There was an aged man in Connecticut, however, by the name of Robert Mason, who did not believe like the rest of the people. He believed it was necessary to have prophets, apostles, dreams, visions and revelations in the church of Christ, the same as they had who lived in ancient days; and he believed the Lord would raise up a people and a church, in the last days, with prophets, apostles, and all the gifts, powers and blessings, which it ever contained in any age of the world.

The people called this man, the old prophet Mason. . . .

This prophet prayed a great deal, and he had dreams and visions, and the Lord showed him many things, by visions, which were to come to pass in the last days. [Wilford Woodruff, Leaves from My Journal (Salt Lake City: Juvenile Instructor Office, 1882), pp. 1–2]

Can ministers of other churches call forth blessings from God upon their people? Most assuredly they can and do. We revere the effort and service of such great men as John and Charles Wesley in the forefront of the Methodist movement, Martin Luther, John Huss, John Wycliffe, Ulrich Zwingli, John Calvin, and many others who were moved upon by the Spirit of God to bring light and truth to a world in spiritual darkness.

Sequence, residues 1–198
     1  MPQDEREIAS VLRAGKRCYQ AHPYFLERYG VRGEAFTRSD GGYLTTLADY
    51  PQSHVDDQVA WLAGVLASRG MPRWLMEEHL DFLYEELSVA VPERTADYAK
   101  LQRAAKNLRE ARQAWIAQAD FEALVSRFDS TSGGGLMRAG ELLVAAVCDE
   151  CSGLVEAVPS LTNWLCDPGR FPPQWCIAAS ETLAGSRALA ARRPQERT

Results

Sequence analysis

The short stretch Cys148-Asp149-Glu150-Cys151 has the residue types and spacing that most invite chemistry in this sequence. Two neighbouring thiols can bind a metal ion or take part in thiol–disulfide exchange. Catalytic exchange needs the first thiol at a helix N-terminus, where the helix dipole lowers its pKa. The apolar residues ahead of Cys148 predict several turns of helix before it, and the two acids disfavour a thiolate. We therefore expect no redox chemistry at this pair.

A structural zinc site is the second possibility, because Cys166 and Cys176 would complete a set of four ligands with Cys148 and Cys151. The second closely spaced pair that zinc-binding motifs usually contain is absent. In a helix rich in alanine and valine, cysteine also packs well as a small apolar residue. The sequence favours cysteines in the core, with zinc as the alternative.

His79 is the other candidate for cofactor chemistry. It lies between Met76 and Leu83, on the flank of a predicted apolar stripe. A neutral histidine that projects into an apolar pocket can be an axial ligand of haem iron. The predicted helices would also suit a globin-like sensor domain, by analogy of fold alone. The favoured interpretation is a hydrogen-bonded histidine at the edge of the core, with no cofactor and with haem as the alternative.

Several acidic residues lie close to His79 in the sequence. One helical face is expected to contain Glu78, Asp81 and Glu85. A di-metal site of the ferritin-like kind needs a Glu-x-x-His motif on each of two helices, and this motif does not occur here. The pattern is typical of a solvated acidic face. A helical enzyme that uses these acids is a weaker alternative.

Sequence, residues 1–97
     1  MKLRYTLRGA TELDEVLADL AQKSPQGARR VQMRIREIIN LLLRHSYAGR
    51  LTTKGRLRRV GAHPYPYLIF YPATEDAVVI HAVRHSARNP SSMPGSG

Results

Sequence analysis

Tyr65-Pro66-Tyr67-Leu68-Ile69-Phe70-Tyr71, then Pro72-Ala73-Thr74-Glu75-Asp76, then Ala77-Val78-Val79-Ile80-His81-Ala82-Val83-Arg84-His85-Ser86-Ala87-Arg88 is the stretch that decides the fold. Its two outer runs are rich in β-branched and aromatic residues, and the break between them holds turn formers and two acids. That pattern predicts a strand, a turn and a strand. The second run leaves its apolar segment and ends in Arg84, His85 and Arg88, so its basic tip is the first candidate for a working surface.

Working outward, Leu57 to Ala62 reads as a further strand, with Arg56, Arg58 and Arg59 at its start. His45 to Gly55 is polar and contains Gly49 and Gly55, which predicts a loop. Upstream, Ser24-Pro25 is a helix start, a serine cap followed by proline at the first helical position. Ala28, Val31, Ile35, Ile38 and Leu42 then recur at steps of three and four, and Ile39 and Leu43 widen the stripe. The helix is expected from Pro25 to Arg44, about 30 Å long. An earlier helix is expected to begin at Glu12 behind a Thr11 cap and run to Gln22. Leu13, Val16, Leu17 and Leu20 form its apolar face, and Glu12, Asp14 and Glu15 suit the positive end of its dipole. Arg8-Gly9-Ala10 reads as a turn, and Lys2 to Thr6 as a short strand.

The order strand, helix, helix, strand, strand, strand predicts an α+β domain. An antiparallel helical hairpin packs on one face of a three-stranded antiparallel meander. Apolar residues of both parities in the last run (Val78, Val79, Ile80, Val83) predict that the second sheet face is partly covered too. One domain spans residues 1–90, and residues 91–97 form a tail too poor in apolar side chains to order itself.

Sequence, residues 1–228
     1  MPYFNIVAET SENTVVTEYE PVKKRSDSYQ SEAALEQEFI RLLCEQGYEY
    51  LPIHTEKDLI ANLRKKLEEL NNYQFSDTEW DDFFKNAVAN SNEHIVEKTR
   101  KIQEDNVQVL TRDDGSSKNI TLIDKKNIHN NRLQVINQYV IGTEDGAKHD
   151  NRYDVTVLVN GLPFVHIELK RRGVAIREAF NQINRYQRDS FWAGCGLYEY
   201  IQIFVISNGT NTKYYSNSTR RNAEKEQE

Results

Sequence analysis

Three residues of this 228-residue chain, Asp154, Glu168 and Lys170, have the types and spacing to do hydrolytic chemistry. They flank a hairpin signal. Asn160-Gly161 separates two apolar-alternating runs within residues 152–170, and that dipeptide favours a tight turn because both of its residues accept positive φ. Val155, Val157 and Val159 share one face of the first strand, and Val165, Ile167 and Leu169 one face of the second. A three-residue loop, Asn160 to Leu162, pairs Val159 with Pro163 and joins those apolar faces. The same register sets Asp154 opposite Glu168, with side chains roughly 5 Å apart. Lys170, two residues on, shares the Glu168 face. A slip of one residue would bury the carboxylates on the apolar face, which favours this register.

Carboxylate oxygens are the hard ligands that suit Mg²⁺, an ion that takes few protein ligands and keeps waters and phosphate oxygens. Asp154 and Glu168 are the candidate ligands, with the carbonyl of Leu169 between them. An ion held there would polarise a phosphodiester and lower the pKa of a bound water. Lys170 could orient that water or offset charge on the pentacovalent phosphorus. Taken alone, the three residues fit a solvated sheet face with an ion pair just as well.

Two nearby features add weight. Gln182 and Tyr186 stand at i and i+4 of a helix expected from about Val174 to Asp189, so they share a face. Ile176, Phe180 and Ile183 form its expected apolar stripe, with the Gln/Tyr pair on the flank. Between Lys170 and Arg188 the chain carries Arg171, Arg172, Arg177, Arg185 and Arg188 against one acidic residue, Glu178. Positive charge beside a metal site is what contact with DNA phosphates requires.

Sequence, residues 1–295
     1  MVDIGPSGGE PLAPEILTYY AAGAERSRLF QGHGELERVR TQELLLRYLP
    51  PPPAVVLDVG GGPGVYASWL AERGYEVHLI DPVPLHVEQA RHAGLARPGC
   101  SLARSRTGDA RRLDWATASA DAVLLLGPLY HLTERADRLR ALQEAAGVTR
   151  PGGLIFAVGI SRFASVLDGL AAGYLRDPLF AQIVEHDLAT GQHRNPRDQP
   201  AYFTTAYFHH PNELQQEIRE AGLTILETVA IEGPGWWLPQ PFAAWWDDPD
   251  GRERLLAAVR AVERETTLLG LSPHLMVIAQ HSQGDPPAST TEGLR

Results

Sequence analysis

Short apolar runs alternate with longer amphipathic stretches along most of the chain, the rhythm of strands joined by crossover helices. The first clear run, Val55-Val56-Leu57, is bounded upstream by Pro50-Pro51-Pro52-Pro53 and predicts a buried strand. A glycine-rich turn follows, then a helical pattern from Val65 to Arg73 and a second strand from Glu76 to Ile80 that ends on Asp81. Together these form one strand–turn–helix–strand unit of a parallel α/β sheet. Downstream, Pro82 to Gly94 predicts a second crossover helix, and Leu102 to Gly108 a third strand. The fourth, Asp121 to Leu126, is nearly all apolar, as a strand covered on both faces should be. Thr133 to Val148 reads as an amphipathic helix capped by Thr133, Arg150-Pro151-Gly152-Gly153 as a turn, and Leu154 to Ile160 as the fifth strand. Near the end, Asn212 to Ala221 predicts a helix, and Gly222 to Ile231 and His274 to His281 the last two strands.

We know from chapter 13 in 1 Nephi that Columbus was touched by God’s power to accomplish a work of discovery to which he was foreordained and prepared. A fundamental point in our doctrine is that “for this purpose,” said the Lord, “have I established the Constitution of this land, by the hands of wise men whom I raised up unto this very purpose” (D&C 101:80). And the Lord did all this before the days of Joseph Smith.

Does the Spirit of God bless people who are not members of the Church? Of course, when they seek him in faith and righteousness. “For,” as our doctrine states, “the word of the Lord is truth, and whatsoever is truth is light, and whatsoever is light is Spirit, even the Spirit of Jesus Christ. And the Spirit giveth light to every man that cometh into the world; and the Spirit enlighteneth every man through the world, that hearkeneth to the voice of the Spirit” (D&C 84:45–46; emphasis added). Does the Lord answer prayers of nonmembers? Millions have given testimony that he does.